Blood Flow Patterns in a Patient Specific Right Coronary Artery with Multiple Stenoses

B. Liu[1]
[1]Department of Mathematics, Monmouth University, West Long Branch, NJ, USA
Published in 2014

Atherosclerotic lesions preferentially develop in certain regions like bifurcations, branches, and bends [1, 2]. A possible explanation for such a preferential localization of atherosclerosis is that the geometry of the vessel influences the blood flow pattern. It suggests that the arterial geometry plays an important role in determining the localized blood flow information. Thus hemodynamic studies based on patient-specific data are likely to offer insights to understanding the progression of atherosclerosis and may have useful clinical value.

The objective of this work is to obtain a detailed hemodynamic evaluation of disturbed flow and the spatial and temporal flow distribution patterns in human atherosclerotic right coronary arteries using a patient specific model with multiple stenoses. The first stenosis near the inlet has a reduction of 66% approximately in lumen cross-section area and the second stenosis near the outlet has a reduction of 47% approximately in lumen cross-section area. The blood was assumed as a laminar, incompressible, non-Newtonian viscous fluid. The time dependent three dimensional Mass-Momentum equations were used as the governing equations. An image-based model of an atherosclerotic right coronary artery was re-constructed based on the lumen contour curves extracted from an in vivo 3D IVUS dataset covering the plaque region, which was acquired during cardiac catheterization from a patient [3]. The velocity and pressure pulse waveforms imposed at the inlet and outlet boundaries were extracted from on-site blood pressure and flow velocity data.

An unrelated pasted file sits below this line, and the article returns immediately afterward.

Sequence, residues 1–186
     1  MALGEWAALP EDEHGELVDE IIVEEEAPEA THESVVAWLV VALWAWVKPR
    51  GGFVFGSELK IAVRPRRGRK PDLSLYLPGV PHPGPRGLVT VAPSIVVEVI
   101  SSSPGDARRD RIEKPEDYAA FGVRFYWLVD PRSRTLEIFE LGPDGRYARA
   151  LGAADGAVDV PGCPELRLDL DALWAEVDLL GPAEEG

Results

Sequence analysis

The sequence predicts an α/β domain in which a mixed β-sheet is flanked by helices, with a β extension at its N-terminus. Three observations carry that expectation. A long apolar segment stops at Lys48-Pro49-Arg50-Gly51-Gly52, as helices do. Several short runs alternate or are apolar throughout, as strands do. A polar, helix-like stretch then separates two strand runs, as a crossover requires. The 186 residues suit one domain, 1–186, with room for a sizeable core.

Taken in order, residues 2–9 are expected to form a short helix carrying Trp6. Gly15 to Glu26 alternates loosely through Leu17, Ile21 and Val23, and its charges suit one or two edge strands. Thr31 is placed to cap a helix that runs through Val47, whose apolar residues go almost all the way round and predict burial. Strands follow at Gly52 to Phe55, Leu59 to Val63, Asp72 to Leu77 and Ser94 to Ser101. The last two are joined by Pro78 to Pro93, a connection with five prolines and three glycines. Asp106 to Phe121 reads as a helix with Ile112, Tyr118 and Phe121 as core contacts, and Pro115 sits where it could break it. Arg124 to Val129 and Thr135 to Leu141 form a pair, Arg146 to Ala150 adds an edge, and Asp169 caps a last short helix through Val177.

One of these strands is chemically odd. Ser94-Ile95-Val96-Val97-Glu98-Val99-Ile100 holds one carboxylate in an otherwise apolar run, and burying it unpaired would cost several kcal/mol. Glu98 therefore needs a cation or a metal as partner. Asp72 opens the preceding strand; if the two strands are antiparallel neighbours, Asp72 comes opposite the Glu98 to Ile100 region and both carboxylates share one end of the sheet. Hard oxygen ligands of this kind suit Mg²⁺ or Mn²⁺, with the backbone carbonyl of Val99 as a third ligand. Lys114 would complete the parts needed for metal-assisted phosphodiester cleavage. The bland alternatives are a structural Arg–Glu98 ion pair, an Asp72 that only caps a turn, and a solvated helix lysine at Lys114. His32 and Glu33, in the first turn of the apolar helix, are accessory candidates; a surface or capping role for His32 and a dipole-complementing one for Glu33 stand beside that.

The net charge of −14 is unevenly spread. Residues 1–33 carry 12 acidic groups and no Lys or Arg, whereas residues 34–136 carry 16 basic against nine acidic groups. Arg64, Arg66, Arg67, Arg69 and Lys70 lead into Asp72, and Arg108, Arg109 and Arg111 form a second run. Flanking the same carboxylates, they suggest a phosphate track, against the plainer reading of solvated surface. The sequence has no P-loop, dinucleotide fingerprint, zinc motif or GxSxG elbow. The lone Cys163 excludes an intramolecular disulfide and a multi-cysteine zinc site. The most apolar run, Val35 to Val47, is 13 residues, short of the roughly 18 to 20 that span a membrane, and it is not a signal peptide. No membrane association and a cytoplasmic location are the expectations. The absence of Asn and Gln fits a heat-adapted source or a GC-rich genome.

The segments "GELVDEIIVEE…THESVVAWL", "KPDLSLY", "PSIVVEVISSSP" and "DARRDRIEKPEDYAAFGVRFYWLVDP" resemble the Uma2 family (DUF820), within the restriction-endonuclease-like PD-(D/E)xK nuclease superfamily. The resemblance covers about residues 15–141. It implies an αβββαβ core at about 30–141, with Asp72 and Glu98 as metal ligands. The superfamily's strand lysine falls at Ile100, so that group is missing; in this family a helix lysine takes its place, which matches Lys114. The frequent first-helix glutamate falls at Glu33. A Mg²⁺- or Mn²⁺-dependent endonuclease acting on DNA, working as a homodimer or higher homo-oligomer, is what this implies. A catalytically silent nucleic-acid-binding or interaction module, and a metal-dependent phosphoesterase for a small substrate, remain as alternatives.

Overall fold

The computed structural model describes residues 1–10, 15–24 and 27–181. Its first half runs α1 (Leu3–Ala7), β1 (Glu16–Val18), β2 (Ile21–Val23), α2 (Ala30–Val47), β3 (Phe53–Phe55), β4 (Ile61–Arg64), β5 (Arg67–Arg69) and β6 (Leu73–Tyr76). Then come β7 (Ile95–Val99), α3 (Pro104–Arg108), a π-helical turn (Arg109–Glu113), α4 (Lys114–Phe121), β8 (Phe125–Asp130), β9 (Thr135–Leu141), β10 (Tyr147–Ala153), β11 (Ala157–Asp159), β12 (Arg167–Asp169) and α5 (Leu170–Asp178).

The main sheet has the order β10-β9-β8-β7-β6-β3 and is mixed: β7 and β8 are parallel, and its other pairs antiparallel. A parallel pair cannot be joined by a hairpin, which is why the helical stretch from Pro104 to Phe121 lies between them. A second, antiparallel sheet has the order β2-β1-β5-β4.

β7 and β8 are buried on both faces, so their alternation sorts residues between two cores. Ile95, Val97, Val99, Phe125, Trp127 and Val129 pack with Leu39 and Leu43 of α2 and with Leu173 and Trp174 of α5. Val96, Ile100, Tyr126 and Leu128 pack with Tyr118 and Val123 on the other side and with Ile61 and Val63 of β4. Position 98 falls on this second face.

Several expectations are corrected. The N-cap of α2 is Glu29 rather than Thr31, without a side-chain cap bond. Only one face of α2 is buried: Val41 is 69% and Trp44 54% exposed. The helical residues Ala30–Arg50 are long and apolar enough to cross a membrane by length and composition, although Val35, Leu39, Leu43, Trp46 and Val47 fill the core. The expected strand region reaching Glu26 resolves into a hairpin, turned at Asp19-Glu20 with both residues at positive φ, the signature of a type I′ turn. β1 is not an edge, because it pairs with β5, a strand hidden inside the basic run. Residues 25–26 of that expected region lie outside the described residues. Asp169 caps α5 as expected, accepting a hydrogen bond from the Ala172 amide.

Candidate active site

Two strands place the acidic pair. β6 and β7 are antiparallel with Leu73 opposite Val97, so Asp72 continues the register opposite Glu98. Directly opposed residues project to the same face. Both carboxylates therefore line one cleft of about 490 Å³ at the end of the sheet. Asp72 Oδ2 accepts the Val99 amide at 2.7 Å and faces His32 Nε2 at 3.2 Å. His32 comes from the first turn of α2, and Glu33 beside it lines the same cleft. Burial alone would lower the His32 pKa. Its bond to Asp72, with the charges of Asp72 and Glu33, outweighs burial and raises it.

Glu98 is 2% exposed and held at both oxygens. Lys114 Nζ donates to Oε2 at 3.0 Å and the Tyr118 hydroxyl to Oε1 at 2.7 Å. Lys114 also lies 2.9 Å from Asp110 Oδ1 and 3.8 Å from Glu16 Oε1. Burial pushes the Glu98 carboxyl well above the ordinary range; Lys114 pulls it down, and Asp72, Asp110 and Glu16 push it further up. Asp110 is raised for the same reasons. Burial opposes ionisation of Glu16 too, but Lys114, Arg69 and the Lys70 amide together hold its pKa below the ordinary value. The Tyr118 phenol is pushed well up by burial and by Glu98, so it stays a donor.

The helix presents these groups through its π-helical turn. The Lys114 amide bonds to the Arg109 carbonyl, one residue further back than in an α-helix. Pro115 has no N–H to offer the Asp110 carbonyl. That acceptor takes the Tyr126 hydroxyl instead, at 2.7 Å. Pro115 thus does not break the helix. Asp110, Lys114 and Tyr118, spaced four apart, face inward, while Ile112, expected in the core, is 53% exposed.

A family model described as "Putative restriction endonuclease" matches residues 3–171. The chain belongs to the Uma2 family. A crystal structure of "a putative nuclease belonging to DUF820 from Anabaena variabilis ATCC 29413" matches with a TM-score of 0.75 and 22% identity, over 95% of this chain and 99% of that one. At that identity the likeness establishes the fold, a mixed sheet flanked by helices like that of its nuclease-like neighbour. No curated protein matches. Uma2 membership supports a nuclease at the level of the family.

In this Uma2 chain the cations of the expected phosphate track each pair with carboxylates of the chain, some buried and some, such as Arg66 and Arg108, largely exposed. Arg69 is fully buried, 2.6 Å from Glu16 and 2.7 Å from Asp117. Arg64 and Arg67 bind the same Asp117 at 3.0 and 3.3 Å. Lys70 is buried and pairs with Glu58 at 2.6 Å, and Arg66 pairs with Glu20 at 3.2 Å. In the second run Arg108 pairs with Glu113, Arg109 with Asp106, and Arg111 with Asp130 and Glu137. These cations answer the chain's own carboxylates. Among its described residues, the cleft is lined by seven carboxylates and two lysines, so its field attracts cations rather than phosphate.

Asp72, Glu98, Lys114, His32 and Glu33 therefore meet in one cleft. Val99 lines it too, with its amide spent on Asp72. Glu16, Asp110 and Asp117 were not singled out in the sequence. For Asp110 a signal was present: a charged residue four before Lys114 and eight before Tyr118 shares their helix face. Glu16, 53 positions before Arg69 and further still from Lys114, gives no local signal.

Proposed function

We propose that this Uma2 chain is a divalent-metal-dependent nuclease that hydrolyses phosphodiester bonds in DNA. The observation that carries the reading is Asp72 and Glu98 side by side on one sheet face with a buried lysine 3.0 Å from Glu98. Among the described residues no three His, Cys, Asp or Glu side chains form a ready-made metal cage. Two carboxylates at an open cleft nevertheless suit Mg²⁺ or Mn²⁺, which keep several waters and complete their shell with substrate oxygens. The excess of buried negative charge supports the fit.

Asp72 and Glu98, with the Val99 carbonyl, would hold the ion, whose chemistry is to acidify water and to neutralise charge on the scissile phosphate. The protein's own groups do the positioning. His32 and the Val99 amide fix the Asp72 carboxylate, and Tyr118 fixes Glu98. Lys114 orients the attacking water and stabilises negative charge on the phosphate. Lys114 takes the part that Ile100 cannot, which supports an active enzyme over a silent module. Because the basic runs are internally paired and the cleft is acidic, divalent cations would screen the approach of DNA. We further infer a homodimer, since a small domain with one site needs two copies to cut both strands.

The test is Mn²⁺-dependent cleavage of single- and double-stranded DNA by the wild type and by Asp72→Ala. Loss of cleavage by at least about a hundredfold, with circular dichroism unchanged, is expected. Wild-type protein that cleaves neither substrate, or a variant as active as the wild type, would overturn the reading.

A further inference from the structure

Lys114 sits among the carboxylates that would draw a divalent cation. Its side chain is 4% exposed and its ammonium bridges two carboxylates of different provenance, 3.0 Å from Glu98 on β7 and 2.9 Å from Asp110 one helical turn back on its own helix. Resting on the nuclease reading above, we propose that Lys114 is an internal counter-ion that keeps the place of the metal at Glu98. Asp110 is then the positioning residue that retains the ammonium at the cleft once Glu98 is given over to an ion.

Computer simulations were carried out using COMSOL Multiphysics® software. The inlet and the outlet of the artery were extended in length by .2 cm in the direction normal to the inlet and the outlet cross sections to reduce the influence of the boundary conditions in the region of interest [Figure 1]. Four consecutive cardiac cycles were simulated to ensure the periodicity of the flow and computations were repeated over different sizes of mesh to confirm the independence of the numerical solutions on spatial mesh. Numerical solutions were validated by comparing the simulated blood velocity and pressure with the acquired on-site blood pressure and flow velocity data from the patient. Based on the computer simulation results, the spatial and temporal patterns of the blood pressure, the pressure drop coefficient, the wall pressure gradient, the blood velocity and the wall shear stress in a stenotic human right coronary artery will be presented.

Acknowledgment: This work was partially supported by a grant from the Simons Foundation (#210082 to Biyue Liu). The author thanks Dr. Dalin Tang for providing the stenotic right coronary artery data for re-constructing the computational domain and extracting velocity and pressure waveforms at inlet/outlet boundaries.